One rule is to not identify your name, nor state what you will do after you are in power. Their plan: Speak only in vague generalities and use simple phrases the public can identify with. Terms such as “socialist”, “communist” or “Marxist” generally have a negative connotation, and while millennials typically like them, the population at large does not. Do not look to antagonize ordinary Americans more than is necessary. Use terms such as “progressive” or “social justice warrior” to describe yourself. These are far less threatening to the average American. Fidel Castro initially identified himself as a “humanist.” Only after he felt secure in his new position did he announce to the world: “I am a Marxist-Leninist.”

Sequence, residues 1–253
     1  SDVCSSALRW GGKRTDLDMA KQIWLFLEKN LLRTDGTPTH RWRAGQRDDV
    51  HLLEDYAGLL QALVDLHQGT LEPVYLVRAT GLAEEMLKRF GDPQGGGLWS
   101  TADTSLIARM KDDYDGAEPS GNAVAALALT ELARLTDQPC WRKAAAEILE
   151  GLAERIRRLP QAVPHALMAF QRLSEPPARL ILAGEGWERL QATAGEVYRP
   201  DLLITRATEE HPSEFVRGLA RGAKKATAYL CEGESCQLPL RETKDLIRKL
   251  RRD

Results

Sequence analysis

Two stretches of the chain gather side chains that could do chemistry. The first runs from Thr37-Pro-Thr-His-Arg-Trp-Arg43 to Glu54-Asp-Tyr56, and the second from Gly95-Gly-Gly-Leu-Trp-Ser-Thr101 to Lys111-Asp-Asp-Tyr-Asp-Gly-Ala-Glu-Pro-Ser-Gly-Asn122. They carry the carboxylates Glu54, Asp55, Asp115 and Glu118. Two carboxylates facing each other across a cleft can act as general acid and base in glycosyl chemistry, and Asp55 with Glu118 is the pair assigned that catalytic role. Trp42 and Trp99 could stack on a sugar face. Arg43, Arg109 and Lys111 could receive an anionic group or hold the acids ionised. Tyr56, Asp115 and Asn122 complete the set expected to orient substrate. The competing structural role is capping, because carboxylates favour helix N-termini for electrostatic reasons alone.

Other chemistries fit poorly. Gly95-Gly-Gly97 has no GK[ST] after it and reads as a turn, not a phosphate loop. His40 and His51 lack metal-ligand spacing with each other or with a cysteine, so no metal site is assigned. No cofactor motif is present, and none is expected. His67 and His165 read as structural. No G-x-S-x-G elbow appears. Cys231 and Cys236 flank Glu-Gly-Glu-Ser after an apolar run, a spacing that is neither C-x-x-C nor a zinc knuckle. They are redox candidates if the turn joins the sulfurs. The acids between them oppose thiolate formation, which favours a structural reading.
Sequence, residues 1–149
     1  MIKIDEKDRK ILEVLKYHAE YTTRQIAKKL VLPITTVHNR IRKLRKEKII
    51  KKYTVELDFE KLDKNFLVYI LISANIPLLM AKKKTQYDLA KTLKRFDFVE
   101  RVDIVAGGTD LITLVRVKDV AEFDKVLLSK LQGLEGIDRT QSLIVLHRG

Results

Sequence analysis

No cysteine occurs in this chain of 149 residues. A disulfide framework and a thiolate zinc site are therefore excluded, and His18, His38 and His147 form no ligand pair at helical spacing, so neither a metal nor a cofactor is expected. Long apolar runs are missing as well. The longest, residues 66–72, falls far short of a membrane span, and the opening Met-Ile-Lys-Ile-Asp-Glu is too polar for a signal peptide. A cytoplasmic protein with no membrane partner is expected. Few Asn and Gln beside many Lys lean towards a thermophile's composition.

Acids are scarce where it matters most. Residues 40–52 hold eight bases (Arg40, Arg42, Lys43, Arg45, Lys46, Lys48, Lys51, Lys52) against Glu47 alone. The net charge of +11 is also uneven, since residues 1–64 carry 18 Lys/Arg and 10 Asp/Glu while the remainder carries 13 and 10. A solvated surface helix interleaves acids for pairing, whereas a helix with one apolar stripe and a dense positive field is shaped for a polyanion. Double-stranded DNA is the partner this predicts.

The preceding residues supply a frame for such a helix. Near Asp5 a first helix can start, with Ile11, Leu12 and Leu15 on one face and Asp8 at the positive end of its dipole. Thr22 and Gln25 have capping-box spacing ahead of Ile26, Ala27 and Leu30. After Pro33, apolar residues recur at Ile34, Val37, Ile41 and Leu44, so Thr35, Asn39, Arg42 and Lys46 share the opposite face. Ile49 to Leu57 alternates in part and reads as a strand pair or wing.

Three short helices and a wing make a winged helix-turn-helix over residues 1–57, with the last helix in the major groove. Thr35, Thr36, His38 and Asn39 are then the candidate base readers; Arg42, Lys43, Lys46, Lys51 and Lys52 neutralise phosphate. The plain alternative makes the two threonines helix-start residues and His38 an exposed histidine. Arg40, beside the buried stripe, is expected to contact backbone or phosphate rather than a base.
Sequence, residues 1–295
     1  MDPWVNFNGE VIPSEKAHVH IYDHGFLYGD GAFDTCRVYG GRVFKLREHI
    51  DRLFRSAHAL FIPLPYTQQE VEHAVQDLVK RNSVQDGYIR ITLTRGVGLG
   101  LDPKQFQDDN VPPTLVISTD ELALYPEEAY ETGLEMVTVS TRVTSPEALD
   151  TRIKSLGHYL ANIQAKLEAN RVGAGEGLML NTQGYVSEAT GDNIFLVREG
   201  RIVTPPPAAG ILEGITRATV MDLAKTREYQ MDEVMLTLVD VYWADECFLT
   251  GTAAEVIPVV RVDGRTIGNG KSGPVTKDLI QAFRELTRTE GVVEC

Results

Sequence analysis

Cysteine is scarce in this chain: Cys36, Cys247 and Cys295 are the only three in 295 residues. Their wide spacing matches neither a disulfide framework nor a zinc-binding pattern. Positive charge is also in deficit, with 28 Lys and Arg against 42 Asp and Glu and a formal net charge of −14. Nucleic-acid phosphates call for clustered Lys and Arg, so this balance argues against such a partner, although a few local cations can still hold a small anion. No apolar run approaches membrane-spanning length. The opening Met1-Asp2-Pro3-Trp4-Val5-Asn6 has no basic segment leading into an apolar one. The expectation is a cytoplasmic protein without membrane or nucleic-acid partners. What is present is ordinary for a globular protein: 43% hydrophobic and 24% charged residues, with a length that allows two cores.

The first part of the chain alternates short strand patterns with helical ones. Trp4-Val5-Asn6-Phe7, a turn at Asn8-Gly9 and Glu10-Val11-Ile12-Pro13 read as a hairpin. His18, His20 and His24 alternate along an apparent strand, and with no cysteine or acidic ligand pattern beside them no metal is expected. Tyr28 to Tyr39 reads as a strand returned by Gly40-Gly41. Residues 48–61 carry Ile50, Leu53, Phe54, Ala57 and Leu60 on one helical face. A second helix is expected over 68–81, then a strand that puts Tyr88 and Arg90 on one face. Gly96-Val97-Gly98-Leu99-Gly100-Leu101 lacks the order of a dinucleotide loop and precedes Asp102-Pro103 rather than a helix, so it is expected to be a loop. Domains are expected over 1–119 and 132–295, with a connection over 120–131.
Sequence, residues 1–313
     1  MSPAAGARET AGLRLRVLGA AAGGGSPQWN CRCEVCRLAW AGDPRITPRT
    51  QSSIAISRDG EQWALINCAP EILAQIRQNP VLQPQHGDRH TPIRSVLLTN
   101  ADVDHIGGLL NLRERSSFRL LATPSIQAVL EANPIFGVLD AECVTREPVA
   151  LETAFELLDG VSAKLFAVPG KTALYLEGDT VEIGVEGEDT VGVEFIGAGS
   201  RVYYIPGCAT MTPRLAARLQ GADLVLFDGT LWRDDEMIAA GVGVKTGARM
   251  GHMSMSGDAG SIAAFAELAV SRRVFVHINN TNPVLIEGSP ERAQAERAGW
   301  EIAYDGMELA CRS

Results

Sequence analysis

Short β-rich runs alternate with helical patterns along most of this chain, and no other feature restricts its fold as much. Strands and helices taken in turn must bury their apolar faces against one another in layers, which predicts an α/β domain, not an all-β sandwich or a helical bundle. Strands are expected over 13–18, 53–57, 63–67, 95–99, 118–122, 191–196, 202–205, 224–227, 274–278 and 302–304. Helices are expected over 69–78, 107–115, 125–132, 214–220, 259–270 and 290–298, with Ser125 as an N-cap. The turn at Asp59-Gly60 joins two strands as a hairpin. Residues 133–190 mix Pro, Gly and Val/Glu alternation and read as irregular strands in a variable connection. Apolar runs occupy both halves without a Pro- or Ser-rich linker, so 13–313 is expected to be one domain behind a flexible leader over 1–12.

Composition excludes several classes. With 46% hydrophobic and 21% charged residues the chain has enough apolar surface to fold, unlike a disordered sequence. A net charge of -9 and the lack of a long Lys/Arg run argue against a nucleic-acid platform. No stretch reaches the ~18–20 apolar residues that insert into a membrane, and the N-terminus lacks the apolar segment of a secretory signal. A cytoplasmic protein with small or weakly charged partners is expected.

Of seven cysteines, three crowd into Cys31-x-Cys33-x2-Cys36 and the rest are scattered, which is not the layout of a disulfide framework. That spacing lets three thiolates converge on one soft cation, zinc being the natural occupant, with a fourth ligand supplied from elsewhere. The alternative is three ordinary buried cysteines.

Another rule is get control over mass media and the education system. Truth is defined by whatever the revolution says it is, and anyone who dares speak out is immediately silenced. Only information advancing the revolutionary cause may be heard and taught. Once the revolution gains control over mass media, it controls all the information that is disseminated. Once the revolution gains control over the education system, it controls the future.
How is President Biden responding to rules espoused by revolutionaries?
Dave Smith, Waterloo